Think you are taking care of business? Take 15 minute challenge to find out

Pins on calendarIf you are a busy professional it is easy to spend a whole day working hard and to assume that all of your hard work means that you are taking care of business.  As the days and weeks go by, however, and your to-do list has some frequent visitors the question moves from if you are doing things, to if you are doing the things that help you reach your overall goals.  In what started as a simple exercise in the “12 Habits of Highly Effective People”, I took a week to break down my day until 15 minute intervals to see exactly how I was spending my days that prevented me from knocking out some the most important items of the things I needed to get done.

The challenge seems simple enough, in a spreadsheet or in a notebook write down what you do any given day in 15 minute intervals. In doing so try to be as detailed on the tasks as possible.  It is very tempting to write down “work” if you are at the office, but the truth is that being at work does not mean you are working or shine some light on what you are actually working for.   The exercise needs to details on what is going on before you can work on improving your habits.  I spend a lot of days busy and the natural thought is when you make it home exhausted that you must have slayed a lot of dragons in the day.  The exercise shines some precise light on the possibility that although you left out to slay dragons you spent your whole day swatting flies instead.  This means it is very easy to get caught up in the little things and minor emergencies that pop up throughout the day instead of focusing on some of the larger more important projects.  If you let yourself you can get caught in a void of busy that dumps you in the black hole of true productivity.

Even if you have structured your life to avoid a steady focus on minor emergencies, there is another challenge lurking in the bushes, the great escape.  While it can often look like businesses it is just periods where your brain takes off.  Things that may have normally taken 15 minutes can easy drift to an hour.  Sometimes there are filled with minor distractions like social media or a constant recall of minor things that you feel like you should do immediately.  For me I just honestly get lost in my mind, with the old daydreaming nature of my childhood finding me in full force.  The reality is that these distractions exist but by looking them in the eye once you finish your 15 minute day detail you can see the problem and start to train yourself how to focus on what is most important first, not last.  It is a great self check and if you 2015 goal is to meet some new challenges it is a great way to actually get it job done with simple adjustments to how you see your day and your time.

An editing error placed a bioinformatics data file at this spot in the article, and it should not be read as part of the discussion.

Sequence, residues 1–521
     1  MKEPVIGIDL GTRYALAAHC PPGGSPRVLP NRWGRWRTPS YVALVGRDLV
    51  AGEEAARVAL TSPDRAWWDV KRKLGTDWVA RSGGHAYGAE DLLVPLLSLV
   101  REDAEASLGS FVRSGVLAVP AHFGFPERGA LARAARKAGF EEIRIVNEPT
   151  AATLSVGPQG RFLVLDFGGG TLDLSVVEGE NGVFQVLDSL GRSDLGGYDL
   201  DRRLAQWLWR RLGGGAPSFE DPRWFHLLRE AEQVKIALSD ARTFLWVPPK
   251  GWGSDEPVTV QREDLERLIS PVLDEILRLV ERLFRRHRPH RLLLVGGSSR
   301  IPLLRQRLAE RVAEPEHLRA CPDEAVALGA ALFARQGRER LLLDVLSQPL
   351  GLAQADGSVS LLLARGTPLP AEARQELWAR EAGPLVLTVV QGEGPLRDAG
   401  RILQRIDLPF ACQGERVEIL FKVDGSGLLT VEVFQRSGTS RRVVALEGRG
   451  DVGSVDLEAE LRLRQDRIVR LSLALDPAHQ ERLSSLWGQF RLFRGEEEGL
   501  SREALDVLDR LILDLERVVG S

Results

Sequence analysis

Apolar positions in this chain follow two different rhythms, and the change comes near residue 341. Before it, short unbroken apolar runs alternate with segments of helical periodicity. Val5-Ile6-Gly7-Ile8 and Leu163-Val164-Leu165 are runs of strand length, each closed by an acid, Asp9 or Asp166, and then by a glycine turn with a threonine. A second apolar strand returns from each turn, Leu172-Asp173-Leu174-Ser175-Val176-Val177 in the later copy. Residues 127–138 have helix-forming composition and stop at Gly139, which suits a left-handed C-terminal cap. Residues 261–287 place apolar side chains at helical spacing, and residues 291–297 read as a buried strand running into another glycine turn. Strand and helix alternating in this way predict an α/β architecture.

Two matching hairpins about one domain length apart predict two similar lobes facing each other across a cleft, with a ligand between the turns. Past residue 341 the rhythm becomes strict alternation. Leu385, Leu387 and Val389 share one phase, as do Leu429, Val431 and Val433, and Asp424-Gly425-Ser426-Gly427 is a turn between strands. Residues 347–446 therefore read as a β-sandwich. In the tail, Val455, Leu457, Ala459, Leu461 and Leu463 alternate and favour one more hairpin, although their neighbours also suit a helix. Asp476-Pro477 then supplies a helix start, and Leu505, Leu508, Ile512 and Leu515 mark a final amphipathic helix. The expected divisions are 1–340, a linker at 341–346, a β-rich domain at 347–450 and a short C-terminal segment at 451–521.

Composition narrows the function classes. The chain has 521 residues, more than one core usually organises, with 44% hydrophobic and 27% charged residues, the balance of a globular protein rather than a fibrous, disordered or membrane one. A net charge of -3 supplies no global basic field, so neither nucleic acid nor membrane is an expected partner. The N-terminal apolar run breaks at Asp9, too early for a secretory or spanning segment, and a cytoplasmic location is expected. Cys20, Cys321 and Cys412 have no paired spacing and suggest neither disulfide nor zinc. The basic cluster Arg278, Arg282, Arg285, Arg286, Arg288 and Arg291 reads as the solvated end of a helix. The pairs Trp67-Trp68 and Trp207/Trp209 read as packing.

Making Last Things First

womanbusyAs a kid I was a picky eater and would quickly gobble up whatever it was I liked on the plate and then watch the paint dry wishing for the rest of the food to disappear.  This habit of doing something you like first comes pretty naturally to most people.  Focusing only on doing the things we like to do ends up with some major procrastination on the things that we have to do but don’t enjoy as much.  In working to become more efficiently however, taking on the challenge of applying equal time and attention to things we don’t like to do can be a difficult one to take on.  In the long run, however, giving your mind the tools it needs to take on the challenge of overcoming the “I Don’t Wannas” can give us a real weapon in the procrastination department.

Repetition:  It may sound silly but positive reinforcement can go a long way to convince your mind that things are not that bad.  We can quickly slip down the slippery slope of stating that we don’t want to do something and our actions following close behind.  Instead practice stating the opposite.  Instead of dreading mowing the lawn tell yourself you can’t wait to do it and tie it to the feeling you will get when the task is accomplished.  Although you may not like mowing your lawn you probably enjoy the look of your home when it is well manicured or dread cleaning your desk but enjoy how it feels to have someone feel comfortable or compliment your office.  You cannot trick your brain with a lie but you can remind yourself of the pot of gold at the end of the rainbow of doing things you dread.

Scheduling: Put the things you don’t like to do at the times when you are most productive. Doing things we like to do quickly move up the to-do list ladder because we know it won’t take as long as doing the things we dread.  Or at least this can be an excuse once again leading to procrastination.  Flip the script and put the things you dread at the time you are your best.  You being at your prime will help in the battle that doing things you dislike weighs.  Plus once you get to the things you like to do you, there is a natural boost from being in your zone that can help you carry through periods you are feeling worn down from the day such as after lunch or at the end of the day.

Consequences: The carrot or the stick is an age old question and everyone is different in how they are motivated.  Regardless of if your motivation is a treat or the lack there of finding something tangible to associate with a job well done can give you the motivation to cross the finish line.  Starting a project on the “I Don’t Wanna’s” list is a great start but the more you do it the more you are probably reminded of how it got on the list in the first place.  By associating it with something else you again move your mind from all the reasons its hates doing it to reasons why it is important to do or what will be missed if it is not done.  You can’t delete a negative thought but you can replace it with a different thought all together.